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Background: The shape of the bony skull is affected by many factors both in utero and after birth. The most common aesthetic skull deformity without question is that from the effects of plagiocephaly. Once one side of the back of the head remains flatter than the other after two years of age, it will remain unchanged by any form of external molding or internal push of the growing brain. 

The aesthetic effects of flattening of the back of the head tends to affect men more often than women for the obvious reason….greater exposure due to lack of hair coverage. Certainly today’s popular shaved head or very closely cropped hair style creates an aesthetic craniofacial feature not previously as well known…the shape of one’s head as seen from a 360 degree perspective. Despite the common experience of a shaved or closely cropped head male presenting for correction of a flat back of the head there are some patients that have good hair coverage but knowledge of the flat area on the back of their head is still bothersome to them. 

In augmenting the flat back of the head there are two proven effective methods, one being better than the other. Traditionally bone cement was used to perform most aesthetic skull augmentations. To do so this creates three adverse tradeoffs…a long scalp incision to place it, the need to intraoperatively create a shape that has good symmetry to the opposite side and ensuring that an adequate volumetric effect is provided. Today the preferred technique is a custom skull implant which overcomes the the downsides of bone cements with smaller scalp incisions to place them and a preoperative design method that ensures optimal back of head symmetry and an adequate implant volume to do so.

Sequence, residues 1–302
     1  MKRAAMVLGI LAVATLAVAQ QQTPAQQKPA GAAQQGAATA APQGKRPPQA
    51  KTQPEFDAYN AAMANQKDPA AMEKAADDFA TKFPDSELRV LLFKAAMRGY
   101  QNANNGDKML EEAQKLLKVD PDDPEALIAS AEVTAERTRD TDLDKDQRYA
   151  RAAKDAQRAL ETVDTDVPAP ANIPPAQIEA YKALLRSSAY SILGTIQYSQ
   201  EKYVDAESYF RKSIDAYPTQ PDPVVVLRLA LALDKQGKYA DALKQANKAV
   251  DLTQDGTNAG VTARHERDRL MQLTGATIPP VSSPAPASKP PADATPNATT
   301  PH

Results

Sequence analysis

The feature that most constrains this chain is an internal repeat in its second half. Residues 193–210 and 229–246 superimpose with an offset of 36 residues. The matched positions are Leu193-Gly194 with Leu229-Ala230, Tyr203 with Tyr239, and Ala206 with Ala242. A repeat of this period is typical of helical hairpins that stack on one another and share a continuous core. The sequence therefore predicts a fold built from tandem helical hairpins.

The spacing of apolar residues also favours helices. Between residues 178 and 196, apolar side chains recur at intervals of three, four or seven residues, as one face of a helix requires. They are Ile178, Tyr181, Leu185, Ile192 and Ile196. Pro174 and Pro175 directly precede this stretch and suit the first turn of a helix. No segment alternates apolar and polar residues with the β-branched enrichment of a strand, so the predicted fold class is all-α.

Case Study: This young male was bothered by a flat back of his head even though he had good hair coverage. A 3D CT scan showed the considerable flatness of the right side of the back of his head that extended well into the posterior temporal region.

A custom skull implant was designed for correction that wrapped around the back of the head well onto the flatter right side. For optimal correction the implant design needs to extend onto the posterior temporal region which means this portion of the implant must be placed on top of the deep temporal fascia of the muscle.

Under general anesthesia and in the prone position the custom skull implant was placed through a low horizontal scalp incision. It is important to note that to keep the scalp incision small (less wide than the diameter of the implant) adequate pocket dissection must be done in a blind fashion and the implant must be able to be changed in shape to pass through the incision.

One of the very important design considerations for many back of head augmentations for asymmetry due to congenital flatness is how far forward the design must go forward in the flatter side. It must also go low enough along the occipital region as well to get optimal symmetry correction. This these necessary augmentation corrections could never be appreciated or accomplished with the use of bone cements.

Case Highlights:

1) Plagiocephaly causes a profound flattening of the back of the head that can be bothersome even to those with a full head of hair.

2) The use of a 3D CT scan allows an implant design that optimally corrects the shape of the back of the head BEFORE the surgery is actually performed.

3) With an established design the goal in surgery is to get the implant placed in the correct position through as small a scalp incision as possible.

Dr. Barry Eppley

Indianapolis, Indiana

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